It seems like every other month or so, Facebook rolls out some new layout or new option that is designed to make your experience on the social-networking site easier and more streamlined. For the most part, these new changes just serve to make people angry and set off a wave of "If it ain't broke, don't fix it" status updates.
The most-recent breakthrough for Facebook came at the beginning of the year and seems to be fairly well-received by the jaded Facebook community. It is the "Timeline," and most seem to like it.
The timeline is what it basically says it is, a loose chronological history of your time on Facebook. Off to the side of your page is a list of years. If you click on, say, 2009, it will tell you the biggest things that happened to you then. You became friends with so-and-so, you posted that status about your fun vacation, you broke up with some guy, you uploaded those pictures from that one crazy night, etc...
People love nostalgia, the ability to reminisce on "the good old days," or what we perceive to be better times.
As of right now, the Facebook timeline is an optional feature. You have to turn it on yourself and set it up manually. Otherwise, you have the previous Facebook layout. I have not enacted the Facebook timeline. Why not? I've been on Facebook since 2005. That's quite a bit of history there.
I joined Facebook in October 2005, my sophomore year of college. At that point, Facebook was not the cultural phenomenon that it was to become years later, spawning books, a movie, and making creator Mark Zuckerburg a cultural icon. At that time, Facebook was something designed only for college students. Your college had to apply with Facebook to have a network set up, and you had to have a valid college email account to use it.
Back then, Facebook was just a profile picture, a wall, a friends list, and groups. There were no status updates, no photo albums, no "It's complicated" relationships, no Farmville, nothing exciting like that. It was used to network. I met new people at Concord and reconnected with old friends who were going to West Virginia University and Marshall.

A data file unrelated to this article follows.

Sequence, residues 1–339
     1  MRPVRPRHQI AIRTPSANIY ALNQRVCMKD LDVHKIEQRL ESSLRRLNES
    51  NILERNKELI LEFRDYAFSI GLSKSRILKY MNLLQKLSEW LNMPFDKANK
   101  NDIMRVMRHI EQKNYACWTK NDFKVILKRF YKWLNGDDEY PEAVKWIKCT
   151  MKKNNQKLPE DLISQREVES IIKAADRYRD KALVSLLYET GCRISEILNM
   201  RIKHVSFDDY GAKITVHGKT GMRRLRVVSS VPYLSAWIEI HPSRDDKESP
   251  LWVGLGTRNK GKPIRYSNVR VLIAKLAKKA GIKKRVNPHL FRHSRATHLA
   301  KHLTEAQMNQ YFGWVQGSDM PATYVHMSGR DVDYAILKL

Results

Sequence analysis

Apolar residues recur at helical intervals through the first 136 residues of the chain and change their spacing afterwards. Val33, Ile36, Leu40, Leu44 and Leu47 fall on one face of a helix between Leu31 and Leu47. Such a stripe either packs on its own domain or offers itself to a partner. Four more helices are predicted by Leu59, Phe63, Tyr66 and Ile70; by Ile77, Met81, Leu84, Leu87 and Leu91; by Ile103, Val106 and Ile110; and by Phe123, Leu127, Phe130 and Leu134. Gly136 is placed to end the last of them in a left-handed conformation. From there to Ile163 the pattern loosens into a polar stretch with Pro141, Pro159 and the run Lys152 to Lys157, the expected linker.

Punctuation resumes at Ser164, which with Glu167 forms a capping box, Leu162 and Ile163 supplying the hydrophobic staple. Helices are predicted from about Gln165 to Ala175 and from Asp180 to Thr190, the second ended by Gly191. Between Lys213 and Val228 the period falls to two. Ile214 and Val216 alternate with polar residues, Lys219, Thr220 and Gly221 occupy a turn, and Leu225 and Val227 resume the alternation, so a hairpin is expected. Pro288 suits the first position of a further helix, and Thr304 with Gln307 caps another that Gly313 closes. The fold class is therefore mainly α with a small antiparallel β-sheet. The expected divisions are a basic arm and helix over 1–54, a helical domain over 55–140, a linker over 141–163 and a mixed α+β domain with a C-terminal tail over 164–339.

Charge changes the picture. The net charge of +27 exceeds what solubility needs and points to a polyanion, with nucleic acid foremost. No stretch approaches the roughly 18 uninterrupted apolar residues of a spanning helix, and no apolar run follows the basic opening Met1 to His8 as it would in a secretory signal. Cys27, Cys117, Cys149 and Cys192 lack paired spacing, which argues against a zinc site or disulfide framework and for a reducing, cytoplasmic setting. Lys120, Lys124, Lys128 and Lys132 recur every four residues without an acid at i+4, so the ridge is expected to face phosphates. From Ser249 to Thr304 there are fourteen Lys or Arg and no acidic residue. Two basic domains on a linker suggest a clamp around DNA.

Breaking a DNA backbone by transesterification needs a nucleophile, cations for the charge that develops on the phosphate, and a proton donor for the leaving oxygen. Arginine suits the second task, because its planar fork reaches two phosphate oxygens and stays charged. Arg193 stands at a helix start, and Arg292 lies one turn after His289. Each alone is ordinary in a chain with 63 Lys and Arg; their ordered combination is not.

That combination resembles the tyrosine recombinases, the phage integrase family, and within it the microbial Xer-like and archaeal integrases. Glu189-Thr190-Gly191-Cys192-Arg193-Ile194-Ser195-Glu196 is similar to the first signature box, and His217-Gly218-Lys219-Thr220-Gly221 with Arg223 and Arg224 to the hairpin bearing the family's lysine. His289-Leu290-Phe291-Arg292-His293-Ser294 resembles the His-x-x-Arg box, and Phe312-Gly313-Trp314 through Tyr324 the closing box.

I was actually one of the few back then who actually was on Facebook before MySpace. I created my Facebook account in October 2005 and didn't get on MySpace until December of 2005. Most started with MySpace in high school due to it being open to everybody, then got on Facebook in college, before eventually everybody abandoned MySpace after Facebook became open to everybody.
I utilized the crap out of Facebook. Once status updates became available, I was all over that. When relationship statuses popped up, I let everybody know about that. Photo albums came around sometime in 2006, and I chronicled my life in picture form from that point on. I had hundreds upon hundreds of friends. In short, I used Facebook to the max of its potential at that point.
Why wouldn't I want to utilize the timeline to reflect and show others?
If I enacted the timeline, it would say something to the effect of: "Chris Slater joined Facebook in 2009. He acquired a couple hundred friends right away. He posted a few pictures over the years. He only posts links to his blog in status updates. He began dating Candace Nelson in 2010."
What happened? I'm not 100 percent sure. My first blog post here, Welcome to my new home, kind of explains it a little bit. Since 2006, I utilized the blog feature on my MySpace account as a medium for journalism. I feel like I was a bit of a trendsetter in that regard. I wrote about a lot of things, mostly related to Concord University and its Student Government Association.
At some point in early 2009, my email address was hacked or phished or something and my MySpace account was deleted. I feel like it was hacked, because usually phishing attempts aren't that malicious. I got everything sorted out and changed my passwords and created a new MySpace account. I was back in the swing of things, until one night I was in my dorm room (room 216 of Wooddell Hall), when I tried to log into my Facebook and was told my password was not correct. I went to my email and couldn't log in there either. I tried to get into MySpace again, but I couldn't.
"Not this again," I thought to myself. This time was a lot worse. The MySpace account was deleted again. But, the Facebook and Twitter were kept up and running under my name. Somebody was using my account and pretending to be me. My Facebook and Twitter profile pictures were replaced with a guy wearing a KKK mask. It was a rough couple days, trying to deal with that.
My online identity was something that I felt was so important to me. And it had been taken away. It took a couple days, but I got a new Facebook and Twitter up and running. At that point with Twitter, I only had something like a couple hundred tweets that were lost. Now I would have almost 30,000 that would be gone.
The Facebook account was different. A huge chunk of my life from 2005-onward was lost. Pictures, memories, everything, gone. I recreated one, but it wasn't really the same. If you go check out my Facebook right now, I really only use it to post links to my blog or post pictures in that "Progression" album of my hair over the years.
So, while the Facebook timeline is a cool deal and I could see a lot of people being really excited about it, all it does for me is remind me of what I used to have. My timeline isn't an honest representation of my life on Facebook, and as such, I don't want to utilize the feature.